Magazines 2018 Mar - Apr Faithfulness is fruitfulness

Faithfulness is fruitfulness

14 March 2018 By John G. Stackhouse Jr.

We don’t have the option to withdraw into self-congratulatory faithfulness

Jesus didn’t call us to produce results. He called us to be faithful.

Have you heard that adage before in a sermon? Read it in a devotional book? Had it quoted to you by a well-meaning friend?

It’s everywhere. And it’s importantly wrong.

I grew up hearing this reassurance in our small, dedicated denomination. It was indeed comforting. But when I was a teen I recall my uncle – a pastor, missionary and professor in the same movement – blowing it sky high.

He observed that New Testament churches grew as they obeyed Jesus’ Great Commission, and concluded straightforwardly that faithful churches normally grow. Therefore, if we weren’t growing, we weren’t being as faithful as we thought we were.

Yes, having served in some spiritually grim parts of the world, he knew sometimes the best Christians can do is simply hang on. But in most places in North America? What excuse could a church have for not producing results?

The Bible is replete with commands God expects us to obey and that require results, not just sincere effort.

The very first command God gives human beings in the Garden of Eden is to be productive. Literally, to be reproductive – "Be fruitful, multiply, fill the earth" (Genesis 1:28).

Why did God want humanity to engage in such a project? So we could "subdue" and "rule" the world’s beautiful wildness and cultivate it, "till it," into a global garden (Genesis 2:5, 15).


God calls Israel to be holy toward a particular outcome – so the nations would stream to its light and receive salvation. When Israel fails to inspire the nations to seek out the Lord, God chastises them – not just for being wicked, but for failing in their constitutive task.

Jesus gives us the Great Commission, and please note it is not just a call to be good witnesses, an assignment which we could accomplish without anyone who heard us actually changing their mind. The Great Commission is a call precisely to change minds, literally to "make disciples" of people all over the world (Matthew 28:19–20).

John’s Gospel records Jesus warning His disciples that He is the Vine, they are the branches, and God the Father prunes the branches so they will be – faithful? No. Fruitful (John 15:1–8). Branches that do not bear fruit are by definition unfaithful and are cast away.

The soothing voices I heard growing up, telling my small evangelical community all was well since we were so faithful, are still heard nowadays. I think I hear them in the United Church and other liberal-leaning denominations, blessing their members for their stout faithfulness to what they believe is their prophetic witness, even as maintaining those convictions seems to have cost them so much in the way of winning new members or even retaining old ones.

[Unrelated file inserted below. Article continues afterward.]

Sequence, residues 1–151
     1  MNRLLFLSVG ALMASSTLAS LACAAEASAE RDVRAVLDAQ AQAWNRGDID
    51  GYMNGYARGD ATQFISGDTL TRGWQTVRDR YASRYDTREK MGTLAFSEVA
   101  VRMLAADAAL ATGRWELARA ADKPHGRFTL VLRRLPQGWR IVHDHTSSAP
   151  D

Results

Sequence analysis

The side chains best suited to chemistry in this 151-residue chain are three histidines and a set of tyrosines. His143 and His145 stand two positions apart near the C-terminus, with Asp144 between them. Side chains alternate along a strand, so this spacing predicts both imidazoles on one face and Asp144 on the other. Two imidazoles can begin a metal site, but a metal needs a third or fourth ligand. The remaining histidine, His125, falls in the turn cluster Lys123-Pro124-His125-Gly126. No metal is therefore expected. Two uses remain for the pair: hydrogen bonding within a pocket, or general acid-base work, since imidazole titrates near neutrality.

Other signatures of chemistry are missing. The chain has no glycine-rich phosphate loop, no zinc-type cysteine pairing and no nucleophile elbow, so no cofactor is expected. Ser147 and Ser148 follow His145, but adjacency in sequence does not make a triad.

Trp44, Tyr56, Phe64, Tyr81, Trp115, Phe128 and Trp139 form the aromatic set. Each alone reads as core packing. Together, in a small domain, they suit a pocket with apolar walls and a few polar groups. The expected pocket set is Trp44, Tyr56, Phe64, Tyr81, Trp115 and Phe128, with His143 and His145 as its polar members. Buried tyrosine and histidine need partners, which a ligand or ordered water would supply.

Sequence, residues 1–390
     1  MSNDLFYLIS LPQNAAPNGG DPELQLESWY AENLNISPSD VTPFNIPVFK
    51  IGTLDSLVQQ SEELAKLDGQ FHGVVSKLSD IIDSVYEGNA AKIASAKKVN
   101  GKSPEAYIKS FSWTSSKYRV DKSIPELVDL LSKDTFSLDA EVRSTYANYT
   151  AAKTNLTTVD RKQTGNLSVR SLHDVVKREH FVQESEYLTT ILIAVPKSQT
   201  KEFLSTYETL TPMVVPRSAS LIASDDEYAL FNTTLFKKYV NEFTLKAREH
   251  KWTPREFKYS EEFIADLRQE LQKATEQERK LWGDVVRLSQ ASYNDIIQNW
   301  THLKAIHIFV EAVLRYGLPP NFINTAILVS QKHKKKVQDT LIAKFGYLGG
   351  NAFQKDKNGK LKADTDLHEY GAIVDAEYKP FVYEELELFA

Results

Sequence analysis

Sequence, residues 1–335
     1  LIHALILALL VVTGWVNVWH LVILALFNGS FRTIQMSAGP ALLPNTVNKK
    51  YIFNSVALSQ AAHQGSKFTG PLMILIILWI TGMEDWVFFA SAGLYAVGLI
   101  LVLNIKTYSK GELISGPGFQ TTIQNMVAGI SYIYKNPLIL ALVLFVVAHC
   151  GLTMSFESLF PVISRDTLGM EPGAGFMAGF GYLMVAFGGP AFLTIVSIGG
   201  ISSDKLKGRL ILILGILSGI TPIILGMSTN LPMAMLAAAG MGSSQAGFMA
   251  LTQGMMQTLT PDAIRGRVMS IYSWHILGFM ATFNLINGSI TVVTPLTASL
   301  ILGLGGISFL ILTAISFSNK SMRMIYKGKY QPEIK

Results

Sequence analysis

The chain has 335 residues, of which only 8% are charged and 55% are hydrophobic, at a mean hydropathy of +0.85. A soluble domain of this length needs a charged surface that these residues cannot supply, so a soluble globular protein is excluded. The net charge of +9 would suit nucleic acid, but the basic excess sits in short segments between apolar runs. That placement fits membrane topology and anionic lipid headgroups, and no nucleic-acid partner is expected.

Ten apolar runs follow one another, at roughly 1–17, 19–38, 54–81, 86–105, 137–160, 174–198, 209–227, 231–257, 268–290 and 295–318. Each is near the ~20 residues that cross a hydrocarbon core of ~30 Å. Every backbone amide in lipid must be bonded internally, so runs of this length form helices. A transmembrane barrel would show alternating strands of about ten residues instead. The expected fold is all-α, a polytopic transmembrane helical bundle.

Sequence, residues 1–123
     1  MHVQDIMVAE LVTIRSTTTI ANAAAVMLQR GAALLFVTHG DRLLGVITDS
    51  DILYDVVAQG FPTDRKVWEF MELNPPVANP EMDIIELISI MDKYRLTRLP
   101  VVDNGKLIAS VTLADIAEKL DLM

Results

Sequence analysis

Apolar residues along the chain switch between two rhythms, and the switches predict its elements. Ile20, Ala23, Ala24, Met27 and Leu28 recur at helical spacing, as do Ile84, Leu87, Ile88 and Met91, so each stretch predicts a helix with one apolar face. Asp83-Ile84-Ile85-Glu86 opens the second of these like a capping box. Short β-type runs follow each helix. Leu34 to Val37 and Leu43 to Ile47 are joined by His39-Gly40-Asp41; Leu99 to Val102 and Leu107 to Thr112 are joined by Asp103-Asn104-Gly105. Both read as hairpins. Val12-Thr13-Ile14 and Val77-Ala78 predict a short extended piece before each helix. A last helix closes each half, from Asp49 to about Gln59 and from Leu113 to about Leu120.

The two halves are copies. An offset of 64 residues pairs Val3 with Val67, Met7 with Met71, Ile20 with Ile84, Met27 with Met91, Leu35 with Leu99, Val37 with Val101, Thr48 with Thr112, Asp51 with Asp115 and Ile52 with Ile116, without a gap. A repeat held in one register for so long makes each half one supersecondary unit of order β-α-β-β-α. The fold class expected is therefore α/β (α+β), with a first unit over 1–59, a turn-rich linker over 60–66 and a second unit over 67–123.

South of the border we hear voices weary of Christian entanglement in worldly politics telling Christians to take "the Benedict Option," to leave off trying to exert cultural influence and settle for "faithful presence." You can’t help but be sympathetic to fellow believers horrified by the easy alliance of certain American Christians with certain leaders and causes contrary to Christian teaching. Yet the right response isn’t withdrawal into the splendid isolation of self-congratulatory faithfulness.

Dietrich Bonhoeffer, in fact, was fierce about resisting such a temptation. He scorned his fellow Christians for establishing lists of virtues and then, pharisaically, ticking off boxes to pronounce themselves holy while Nazism flourished and Jews perished. "The ultimate question for a responsible man to ask is not how he is to extricate himself heroically from the affair, but how the coming generation is to live."

Loving God, your neighbour and the world means doing all we can to make all the difference we can for their benefit, not in preserving our own sanctity in anticipation of a divine pat on the head.

We must beware the dangers of statistics, charts and awards. We must swat away superficial understandings of success and instead establish good biblical standards and strive to meet them.

How else can we hope to stand before God one day? Merely to say, as one poor sap said to his master, "Here is what you gave me, entire and whole, with nothing missing" (Matthew 25:14–30)?

We all (should) know how that turned out.



John Stackhouse teaches at Crandall University in Moncton, N.B. Read more of his columns at This one is adapted from his new book Why You’re Here: Ethics for the Real World (Oxford, 2017)